Oct 2, 2012
Origin of the Simpsons
The inspiration for Homer Simpson came from a character in “The Day of the Locust” book, which featured a hopelessly clumsy and disaffected character named Homer Simpson, and Eddie Haskell in “Leave it to Beaver” TV Series.
Life in Hell started in 1977 as a self-published comic book written and produced by Matt Groening and was a story about life in Los Angeles and the things which Groening encountered at school, at work in a succession of seedy jobs, and in his personal love relationships.
The series reached the attention of James L. Brooks who commissioned Groening to create short skits for the Tracey Ullman Show. While waiting in Brooks’ office reception for the interview, Groening sketched out a number of basic designs which would go on to become the basis for The Simpsons. He walked in to the office, presented his 10 minute-old drawings and got the job.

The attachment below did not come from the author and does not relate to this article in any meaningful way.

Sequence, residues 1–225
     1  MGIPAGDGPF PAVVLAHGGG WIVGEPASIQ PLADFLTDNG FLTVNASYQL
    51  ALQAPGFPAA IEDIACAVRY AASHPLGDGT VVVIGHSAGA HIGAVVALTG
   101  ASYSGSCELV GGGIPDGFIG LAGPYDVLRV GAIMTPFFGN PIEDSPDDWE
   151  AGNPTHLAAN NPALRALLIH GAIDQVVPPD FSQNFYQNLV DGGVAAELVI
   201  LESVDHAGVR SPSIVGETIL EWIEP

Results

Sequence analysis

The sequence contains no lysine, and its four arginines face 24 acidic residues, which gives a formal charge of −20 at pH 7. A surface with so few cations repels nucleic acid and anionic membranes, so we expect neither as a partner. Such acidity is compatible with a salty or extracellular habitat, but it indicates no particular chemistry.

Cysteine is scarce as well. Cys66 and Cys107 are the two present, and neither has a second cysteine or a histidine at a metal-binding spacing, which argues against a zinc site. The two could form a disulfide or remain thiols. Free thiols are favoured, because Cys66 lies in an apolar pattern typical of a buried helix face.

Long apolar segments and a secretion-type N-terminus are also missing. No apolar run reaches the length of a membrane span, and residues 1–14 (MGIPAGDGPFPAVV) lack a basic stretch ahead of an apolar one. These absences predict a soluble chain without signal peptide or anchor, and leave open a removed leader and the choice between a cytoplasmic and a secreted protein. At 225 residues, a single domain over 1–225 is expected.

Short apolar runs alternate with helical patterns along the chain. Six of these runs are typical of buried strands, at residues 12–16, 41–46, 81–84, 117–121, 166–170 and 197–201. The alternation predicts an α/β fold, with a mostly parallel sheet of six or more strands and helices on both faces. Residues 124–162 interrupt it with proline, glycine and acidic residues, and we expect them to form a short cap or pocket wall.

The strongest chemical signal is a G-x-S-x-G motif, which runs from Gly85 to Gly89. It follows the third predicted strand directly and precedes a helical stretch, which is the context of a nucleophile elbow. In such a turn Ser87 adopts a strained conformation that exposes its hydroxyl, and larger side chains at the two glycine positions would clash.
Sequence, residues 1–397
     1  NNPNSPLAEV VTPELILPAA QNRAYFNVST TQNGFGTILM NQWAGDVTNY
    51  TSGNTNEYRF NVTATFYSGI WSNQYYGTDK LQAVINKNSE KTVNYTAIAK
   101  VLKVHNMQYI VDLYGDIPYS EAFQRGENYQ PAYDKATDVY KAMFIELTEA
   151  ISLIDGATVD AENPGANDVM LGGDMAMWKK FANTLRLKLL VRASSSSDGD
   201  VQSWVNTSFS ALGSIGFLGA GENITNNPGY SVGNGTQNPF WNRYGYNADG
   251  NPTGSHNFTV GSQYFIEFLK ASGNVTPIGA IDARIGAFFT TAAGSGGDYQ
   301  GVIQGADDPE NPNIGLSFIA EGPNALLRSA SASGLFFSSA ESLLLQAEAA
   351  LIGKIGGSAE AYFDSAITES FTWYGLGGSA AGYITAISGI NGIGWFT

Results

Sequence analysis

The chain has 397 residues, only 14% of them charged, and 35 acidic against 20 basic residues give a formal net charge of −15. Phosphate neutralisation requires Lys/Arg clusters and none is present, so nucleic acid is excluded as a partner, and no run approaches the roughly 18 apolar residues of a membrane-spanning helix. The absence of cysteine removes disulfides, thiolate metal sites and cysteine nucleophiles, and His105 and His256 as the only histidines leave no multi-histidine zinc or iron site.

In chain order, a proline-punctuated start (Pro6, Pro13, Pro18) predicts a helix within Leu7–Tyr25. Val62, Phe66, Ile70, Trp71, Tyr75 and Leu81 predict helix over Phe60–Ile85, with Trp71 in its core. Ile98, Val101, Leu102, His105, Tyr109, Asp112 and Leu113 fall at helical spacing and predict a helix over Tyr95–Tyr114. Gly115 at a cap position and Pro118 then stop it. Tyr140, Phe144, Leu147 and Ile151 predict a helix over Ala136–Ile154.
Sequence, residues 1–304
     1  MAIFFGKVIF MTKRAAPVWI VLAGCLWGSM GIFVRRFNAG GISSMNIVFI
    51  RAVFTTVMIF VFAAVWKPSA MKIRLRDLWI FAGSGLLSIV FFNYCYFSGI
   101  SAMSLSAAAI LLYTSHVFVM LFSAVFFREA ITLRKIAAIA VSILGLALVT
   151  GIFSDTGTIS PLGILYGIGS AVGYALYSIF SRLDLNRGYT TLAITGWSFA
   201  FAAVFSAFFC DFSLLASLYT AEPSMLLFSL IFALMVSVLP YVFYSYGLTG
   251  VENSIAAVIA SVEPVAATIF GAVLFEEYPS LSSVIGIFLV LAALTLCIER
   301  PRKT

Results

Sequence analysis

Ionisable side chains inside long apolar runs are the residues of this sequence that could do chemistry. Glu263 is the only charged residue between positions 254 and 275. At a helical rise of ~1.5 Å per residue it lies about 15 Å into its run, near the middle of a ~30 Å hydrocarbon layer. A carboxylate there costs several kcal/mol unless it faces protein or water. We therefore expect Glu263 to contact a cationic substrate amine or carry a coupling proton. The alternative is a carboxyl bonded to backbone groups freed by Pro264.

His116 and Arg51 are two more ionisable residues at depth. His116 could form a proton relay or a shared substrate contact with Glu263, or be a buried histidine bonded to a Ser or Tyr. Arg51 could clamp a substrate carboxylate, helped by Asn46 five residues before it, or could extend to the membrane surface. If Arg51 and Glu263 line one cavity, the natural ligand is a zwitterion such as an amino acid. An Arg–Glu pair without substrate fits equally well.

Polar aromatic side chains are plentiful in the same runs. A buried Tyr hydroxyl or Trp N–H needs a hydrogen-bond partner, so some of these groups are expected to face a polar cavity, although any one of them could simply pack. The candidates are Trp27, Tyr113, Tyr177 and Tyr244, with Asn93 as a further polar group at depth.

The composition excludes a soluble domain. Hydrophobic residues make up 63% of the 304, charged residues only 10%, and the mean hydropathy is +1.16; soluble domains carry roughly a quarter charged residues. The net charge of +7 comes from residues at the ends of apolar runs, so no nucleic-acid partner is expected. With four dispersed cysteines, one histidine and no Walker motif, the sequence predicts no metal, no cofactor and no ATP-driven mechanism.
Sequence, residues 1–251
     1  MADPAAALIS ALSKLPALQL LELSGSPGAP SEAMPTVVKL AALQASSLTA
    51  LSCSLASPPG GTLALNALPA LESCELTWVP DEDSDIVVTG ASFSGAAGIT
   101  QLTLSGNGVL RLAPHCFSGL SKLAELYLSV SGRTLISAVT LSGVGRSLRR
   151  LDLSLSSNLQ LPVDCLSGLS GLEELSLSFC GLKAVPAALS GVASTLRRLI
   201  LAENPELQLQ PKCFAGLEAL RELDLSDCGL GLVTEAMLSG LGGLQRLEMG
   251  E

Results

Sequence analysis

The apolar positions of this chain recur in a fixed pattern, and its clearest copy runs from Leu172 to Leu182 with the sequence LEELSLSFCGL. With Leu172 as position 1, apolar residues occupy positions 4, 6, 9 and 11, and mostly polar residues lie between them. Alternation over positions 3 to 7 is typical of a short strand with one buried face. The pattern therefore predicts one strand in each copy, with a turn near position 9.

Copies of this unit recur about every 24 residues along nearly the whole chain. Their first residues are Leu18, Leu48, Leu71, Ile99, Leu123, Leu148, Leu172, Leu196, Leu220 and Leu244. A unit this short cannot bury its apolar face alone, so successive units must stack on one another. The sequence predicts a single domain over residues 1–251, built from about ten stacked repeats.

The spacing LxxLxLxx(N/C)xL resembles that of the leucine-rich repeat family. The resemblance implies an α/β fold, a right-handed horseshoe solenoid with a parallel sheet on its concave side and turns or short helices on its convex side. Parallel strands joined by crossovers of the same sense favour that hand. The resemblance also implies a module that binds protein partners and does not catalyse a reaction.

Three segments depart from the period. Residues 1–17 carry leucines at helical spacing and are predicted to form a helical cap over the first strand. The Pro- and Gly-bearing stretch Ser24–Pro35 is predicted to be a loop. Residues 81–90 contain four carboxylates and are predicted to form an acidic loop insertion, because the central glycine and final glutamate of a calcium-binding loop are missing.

He named the characters after members of his own family, his father Homer, mother Marge, and sister Lisa. He substituted Bart for himself. Bart Simpson was named as an anagram of “brat,” and Matt's older brother Mark produced much of the early inspiration for Bart’s attitude.
The entire Simpson family was designed so that they would be drawn very quickly, allowing the often tight budget to reach further, and be recognizable in silhouette. When designing Homer's hair he initially just sketched his initials, ‘M’ for the hairline and ‘G’ for Homer's ear. Matt Groening's initials still remain on the final character to this day. Marge’s hair was based on the iconic Elsa Lanchester hairdo as worn in The Bride of Frankenstein (1935), and on a similar style worn by Margaret Groening during the 1960s. Lisa’s hair was initially a cluster of hand drawn hairlines, but this was changed to the simpler ‘hexagon hair’ design before the pilot episode.
So far the show is still on the air after 500+ episodes and is regarded as the longest running animation series of all time.